The Foreign Tax Credit is a money-saving credit that the IRS offers to help offset the burden of double taxation. In order to claim this credit, you’ll have to fill out Form 1116, a two-page form that comes with a 24-page set of instructions from the IRS. Check out below our step-by-step guide to filing Form 1116 for expats, and you’ll be saving money in no time!
Step One: Find Out If You Qualify for the Foreign Tax Credit
Only four stipulations must be met before you can use the Foreign Tax Credit:
- You must have incurred or paid a foreign tax liability.
- The tax must be assessed on income.
- The tax must be imposed on you as an individual.
- The tax must have originated legally in a foreign country.
Step Two: Know Your Options
You have two choices when it comes to the Foreign Tax Credit: you can deduct the taxes you’ve paid to your resident country on your Federal Tax Return, or you can fill out Form 1116 and take a credit that will reduce any amount that you owe the US, dollar for dollar. If the credited amount is more than you owe, you can carry that amount over and apply it toward any taxes you may owe in the next decade. Neat!
Step Three: Convert Your Taxes Into US Dollars
Next, you’ll need to convert the amount of taxes you paid to your resident country into US dollars using the exchange rate from the date of the transaction. Try Oanda.com’s currency converter! If that is too cumbersome, you can use the annual foreign exchange rate on the IRS website. Remember: if you accrued taxes but have not paid them, use the exchange rate from the last day of the applicable tax year.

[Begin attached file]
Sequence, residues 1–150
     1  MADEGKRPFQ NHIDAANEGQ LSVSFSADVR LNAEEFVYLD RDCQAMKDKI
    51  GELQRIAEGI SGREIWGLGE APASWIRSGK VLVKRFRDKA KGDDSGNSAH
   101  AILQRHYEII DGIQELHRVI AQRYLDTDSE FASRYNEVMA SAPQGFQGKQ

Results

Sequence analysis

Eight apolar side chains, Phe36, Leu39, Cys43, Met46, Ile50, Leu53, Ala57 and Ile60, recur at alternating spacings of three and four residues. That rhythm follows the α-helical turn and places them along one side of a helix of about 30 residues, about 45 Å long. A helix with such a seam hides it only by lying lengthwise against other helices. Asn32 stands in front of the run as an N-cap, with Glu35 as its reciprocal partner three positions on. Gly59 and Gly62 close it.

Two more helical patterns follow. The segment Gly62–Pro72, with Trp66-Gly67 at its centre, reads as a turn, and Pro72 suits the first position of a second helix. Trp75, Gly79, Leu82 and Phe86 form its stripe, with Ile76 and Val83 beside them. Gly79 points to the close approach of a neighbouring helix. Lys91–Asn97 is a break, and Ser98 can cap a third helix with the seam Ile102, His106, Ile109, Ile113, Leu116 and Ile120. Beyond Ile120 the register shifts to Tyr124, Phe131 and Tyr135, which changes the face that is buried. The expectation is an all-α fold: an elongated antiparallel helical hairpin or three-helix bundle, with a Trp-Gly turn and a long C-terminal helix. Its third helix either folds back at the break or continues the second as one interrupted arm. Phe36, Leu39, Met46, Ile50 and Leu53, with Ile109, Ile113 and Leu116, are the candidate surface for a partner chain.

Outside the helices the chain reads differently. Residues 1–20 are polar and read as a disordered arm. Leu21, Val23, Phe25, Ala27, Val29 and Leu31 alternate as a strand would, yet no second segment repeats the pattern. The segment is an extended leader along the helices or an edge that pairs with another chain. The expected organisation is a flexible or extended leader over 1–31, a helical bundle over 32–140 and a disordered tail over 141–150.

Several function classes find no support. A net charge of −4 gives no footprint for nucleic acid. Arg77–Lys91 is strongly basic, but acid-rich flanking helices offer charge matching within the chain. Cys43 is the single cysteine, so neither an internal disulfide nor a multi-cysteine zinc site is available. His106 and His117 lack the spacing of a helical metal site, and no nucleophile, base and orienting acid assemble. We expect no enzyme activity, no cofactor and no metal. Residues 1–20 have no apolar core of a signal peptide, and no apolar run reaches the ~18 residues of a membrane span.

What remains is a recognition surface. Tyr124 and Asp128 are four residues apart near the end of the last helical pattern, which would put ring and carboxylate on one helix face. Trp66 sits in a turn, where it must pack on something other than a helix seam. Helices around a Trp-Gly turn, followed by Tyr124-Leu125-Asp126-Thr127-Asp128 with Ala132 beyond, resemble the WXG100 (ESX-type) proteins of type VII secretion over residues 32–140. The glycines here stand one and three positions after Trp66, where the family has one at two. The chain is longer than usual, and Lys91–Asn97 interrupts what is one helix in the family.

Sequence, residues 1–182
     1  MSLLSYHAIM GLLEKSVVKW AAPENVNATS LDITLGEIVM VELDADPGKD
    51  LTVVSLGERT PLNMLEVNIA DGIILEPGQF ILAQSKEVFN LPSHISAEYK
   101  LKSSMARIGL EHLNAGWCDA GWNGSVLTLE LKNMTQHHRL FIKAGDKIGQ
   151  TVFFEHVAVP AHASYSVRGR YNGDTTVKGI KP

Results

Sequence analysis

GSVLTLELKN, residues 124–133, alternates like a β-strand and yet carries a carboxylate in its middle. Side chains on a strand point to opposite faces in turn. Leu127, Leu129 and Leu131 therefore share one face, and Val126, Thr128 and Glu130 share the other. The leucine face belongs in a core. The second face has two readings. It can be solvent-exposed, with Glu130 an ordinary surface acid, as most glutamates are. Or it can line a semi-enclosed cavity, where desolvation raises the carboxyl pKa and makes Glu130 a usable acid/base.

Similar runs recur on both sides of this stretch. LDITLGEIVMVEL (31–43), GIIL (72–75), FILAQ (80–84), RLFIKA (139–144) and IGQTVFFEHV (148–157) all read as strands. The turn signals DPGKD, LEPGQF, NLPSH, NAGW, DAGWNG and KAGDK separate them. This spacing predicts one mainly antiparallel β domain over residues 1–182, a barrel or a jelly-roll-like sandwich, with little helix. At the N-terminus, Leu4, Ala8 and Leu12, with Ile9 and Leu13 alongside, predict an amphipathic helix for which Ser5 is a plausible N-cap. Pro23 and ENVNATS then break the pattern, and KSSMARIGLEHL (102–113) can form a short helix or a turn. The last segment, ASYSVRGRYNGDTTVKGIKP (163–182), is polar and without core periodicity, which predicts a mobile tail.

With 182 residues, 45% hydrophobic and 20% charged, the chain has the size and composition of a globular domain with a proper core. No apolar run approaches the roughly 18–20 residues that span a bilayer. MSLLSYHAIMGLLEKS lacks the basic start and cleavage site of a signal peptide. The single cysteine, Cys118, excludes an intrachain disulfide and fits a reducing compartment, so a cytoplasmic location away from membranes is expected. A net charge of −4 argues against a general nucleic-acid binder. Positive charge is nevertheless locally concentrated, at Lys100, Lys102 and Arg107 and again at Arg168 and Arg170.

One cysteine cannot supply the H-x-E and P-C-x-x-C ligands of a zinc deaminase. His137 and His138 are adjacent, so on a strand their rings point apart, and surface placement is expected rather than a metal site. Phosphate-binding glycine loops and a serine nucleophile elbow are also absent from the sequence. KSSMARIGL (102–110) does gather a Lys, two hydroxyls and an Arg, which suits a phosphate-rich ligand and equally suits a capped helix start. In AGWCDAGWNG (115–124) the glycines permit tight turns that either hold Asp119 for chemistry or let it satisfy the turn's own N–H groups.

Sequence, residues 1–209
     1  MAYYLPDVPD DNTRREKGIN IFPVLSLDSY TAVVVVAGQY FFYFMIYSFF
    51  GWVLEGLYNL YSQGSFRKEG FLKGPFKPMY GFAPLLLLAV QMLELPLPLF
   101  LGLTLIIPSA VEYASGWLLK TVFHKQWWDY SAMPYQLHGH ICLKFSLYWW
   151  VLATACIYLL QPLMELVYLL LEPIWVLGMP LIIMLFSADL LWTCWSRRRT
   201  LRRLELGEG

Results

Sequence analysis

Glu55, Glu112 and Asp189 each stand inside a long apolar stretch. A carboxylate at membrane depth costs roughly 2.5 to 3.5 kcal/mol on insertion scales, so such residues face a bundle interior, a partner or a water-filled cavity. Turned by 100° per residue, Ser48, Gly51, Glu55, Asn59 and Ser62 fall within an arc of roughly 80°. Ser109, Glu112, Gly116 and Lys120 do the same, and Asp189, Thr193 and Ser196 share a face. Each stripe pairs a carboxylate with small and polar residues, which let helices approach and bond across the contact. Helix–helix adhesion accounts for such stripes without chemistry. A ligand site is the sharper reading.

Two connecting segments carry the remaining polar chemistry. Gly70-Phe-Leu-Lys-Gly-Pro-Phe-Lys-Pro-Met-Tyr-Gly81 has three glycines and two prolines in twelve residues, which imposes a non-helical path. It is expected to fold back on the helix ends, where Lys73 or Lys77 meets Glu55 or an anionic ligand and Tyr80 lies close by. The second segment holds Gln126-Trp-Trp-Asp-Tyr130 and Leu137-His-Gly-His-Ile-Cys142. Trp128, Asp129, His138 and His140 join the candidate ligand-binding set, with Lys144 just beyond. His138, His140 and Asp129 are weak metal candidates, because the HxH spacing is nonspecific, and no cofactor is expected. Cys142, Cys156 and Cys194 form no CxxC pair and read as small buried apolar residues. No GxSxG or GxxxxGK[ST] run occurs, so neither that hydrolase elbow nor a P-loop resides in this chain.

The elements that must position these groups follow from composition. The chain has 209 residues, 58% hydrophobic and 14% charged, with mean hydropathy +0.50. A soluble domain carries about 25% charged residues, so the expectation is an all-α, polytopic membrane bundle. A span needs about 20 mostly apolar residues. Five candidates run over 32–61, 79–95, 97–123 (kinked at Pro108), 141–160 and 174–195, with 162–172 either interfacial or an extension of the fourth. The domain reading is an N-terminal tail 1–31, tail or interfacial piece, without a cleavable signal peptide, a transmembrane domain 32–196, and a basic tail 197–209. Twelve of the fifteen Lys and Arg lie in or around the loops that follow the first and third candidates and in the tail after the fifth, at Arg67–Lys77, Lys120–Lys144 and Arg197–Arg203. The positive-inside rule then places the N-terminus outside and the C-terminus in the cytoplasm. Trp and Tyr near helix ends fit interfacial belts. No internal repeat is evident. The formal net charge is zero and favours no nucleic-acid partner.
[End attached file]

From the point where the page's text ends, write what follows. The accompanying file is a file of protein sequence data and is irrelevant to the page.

Step Four: Identify the Limits
The amount of credit that you claim can’t be more than the amount of tax you pay on foreign earned income. You can use this formula to help determine the limit:
Foreign sourced taxable income divided by total taxable income before exemptions, multiplied by total US tax equals foreign sourced US tax
Other limits apply, too. For instance, some taxes can’t be claimed, such as taxes paid to a government that supports terrorism (as defined by the Secretary of State), taxes associated with financial services income, dividends from each 10-50 percent-owned foreign corporation, shipping and aircraft income, domestic international sales corporation dividends, dividends from foreign sales corporations, foreign trade income of foreign sales corporations, and foreign oil and gas extraction income.
Lastly, don’t forget that the Foreign Tax Credit cannot be used on income that has already been excluded by the Foreign Earned Income Exclusion.
Step Five: Complete Form 1116
At the very top of the form are some crucial instructions regarding income categories. A different Form 1116 will need to be completed for each category of income! For most expats, the general category income may suffice, as it includes wages and business income. But if you have passive income, that necessitates an additional Form 1116, as do Section 951A income, foreign branch income, Section 901(j) income, lump-sum distributions, and certain income re-sourced by treaty.
Check out this example of Form 1116 for a visual walk-through of the calculation of the credit.
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